In this blog post, Floaker in AFed Glasgow draws lessons from the industrial dispute, lock-out and threatened closure of the Grangemouth petrochemical plant in October.
There has been a lot of speculation about how ready and willing workers at Grangemouth have been to take industrial action. Looking at the actions of the Ineos bosses, Unite the Union, and the politicians we can start to see how much of these three groups vested interests are tied up in making sure workers on the ground are given the thin edge of the wedge.
First, Ineos themselves – as expected from the bosses – have been lying through their teeth. On one hand they have claimed the site is making a loss, though when the economic analyst Richard Murphy looked through their books he was stunned to find they were £7million in the black while at the same time the costs to the company for site assets and a public loan they were paying back have been written off. Money from the site is also being moved into an offshore tax haven. All of this makes the future of Grangemouth look hugely profitable. The only other way Ineos can squeeze more money out of the plant would be to cut staffing costs and benefits, and that is just what they are doing.
Michael Connarty, the Labour MP who covers Grangemouth, claimed on the BBC’s Daily Politics show that Unite had been “conned” and that it was “quite clear [Ineos] prepared for this conflict quite well”. However, the workers of Grangemouth have not been outsmarted by their bosses as much as they have been ill-represented by the Unite bureaucracy and their tired and predictable way of reacting to negotiations. The union’s willingness to keep the peace by giving a three year no-strike deal means the bosses can do what they want for that time with no real way for workers to come back at them; that is unless the workers take the decision to act outside of Unite’s hands and back into their own.
Some have claimed that rank-and-file action may not have been possible, but if that’s the case then it raises the question of how the workforce got into that state, and what was the union’s role in creating this situation? Back in 2000, workers at Grangemouth were striking in solidarity with truckers blockading the plant as part of the fuel price protests, then again in 2009 hundreds of Grangemouth workers took wildcat strike action to stand shoulder-to-shoulder with striking oil refinery workers at Lindsey. Have they really given up this strong will to fight in just four short years? Or have Unite (and the other trade unions) been quick to dampen any militancy in an attempt to show the bosses that they are in control of militancy and keep their own slice of the pie?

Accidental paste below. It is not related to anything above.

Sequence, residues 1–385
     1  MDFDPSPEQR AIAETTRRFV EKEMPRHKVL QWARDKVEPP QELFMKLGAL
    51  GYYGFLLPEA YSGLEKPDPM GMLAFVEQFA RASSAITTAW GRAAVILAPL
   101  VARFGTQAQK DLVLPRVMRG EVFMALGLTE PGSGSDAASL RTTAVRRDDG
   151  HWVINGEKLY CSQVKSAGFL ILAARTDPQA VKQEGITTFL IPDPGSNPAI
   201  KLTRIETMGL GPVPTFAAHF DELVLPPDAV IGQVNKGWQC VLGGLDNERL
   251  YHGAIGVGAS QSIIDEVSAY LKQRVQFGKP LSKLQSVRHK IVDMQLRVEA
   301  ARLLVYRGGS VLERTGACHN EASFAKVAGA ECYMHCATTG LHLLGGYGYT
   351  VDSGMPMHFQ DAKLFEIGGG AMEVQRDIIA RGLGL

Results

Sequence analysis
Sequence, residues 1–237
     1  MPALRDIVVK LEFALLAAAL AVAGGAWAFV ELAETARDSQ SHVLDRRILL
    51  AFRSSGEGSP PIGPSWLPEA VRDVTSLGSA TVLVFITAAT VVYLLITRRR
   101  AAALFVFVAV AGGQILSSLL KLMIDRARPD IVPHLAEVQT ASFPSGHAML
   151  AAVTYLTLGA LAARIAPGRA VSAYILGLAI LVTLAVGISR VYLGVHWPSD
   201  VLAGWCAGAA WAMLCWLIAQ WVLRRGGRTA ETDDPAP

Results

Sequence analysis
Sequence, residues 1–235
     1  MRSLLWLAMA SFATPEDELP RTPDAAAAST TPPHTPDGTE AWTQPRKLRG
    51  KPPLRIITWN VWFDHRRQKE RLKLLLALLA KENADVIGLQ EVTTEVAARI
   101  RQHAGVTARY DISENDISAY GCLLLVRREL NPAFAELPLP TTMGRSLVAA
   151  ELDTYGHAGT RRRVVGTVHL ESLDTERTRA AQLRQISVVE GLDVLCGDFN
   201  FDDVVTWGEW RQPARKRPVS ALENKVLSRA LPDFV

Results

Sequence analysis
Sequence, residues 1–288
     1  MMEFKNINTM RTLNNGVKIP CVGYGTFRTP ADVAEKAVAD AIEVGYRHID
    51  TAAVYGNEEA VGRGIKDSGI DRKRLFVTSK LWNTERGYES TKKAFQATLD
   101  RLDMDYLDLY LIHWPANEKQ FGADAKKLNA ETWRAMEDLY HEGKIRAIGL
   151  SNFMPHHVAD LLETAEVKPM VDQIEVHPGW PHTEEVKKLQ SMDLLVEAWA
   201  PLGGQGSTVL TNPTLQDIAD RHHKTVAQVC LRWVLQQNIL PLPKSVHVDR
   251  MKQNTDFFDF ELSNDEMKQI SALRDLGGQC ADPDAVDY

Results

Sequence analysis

However, The Scotsman reported that 665 workers did not sign the survival plan agreement, indicating that workers on the shop floor are still up for a fight. How has Ineos reacted? They are going to sack these workers and have them rehired as new employees, putting them on contracts with lower pensions than those who where forced into giving in. Those who did sign the contract will also get a “sweetener” of between £2,500 and £15,000. Unite, rather than fighting this blatant attack to divide the workforce, had already tied their hands in preparation by signing that no-strike agreement and are complicit in worsening conditions for its members and breaking the bonds of solidarity between different workers. It is clear that they have no interest in protecting the working class, just so long as they get their place at the bosses table.
Over in Holyrood, the SNP have been only too willing to play into the hands of the bosses, giving Ineos support in the calls for compromise to be reached. The thought that a Scottish government (either further devolved or fully independent of Westminster) will be any friendlier to workers, the unemployed or anyone else is an assertion without any backing. The state will always behave in the interests of the state. Holding hope that someone else can fix things for us is only going to lead to half-measures and disappointment. It is only by building up our ability to take action together at the heart of the problem that will give us any real measure control of our lives.
The way in which the unions and the politicians have behaved is not the victory for common sense that is being billed; it is a stitch-up against all of us as a class. Bosses are pitting worker against worker while the trade unions and politicians are only too happy for this to happen as long as their power remains intact. The people on the shop floor know their business better than anyone else. We should learn the lessons from past fights such as the 2009 Lindsey strikes where worker stood in solidarity with worker and won the reinstatement of 698 workers and an agreement of no retaliation from the bosses: a victory through shared struggle. By helping to empower one another by showing support when action is called for we can take a degree of power for ourselves, and to hell with the bosses, union bureaucrats and politicians who stand in our way.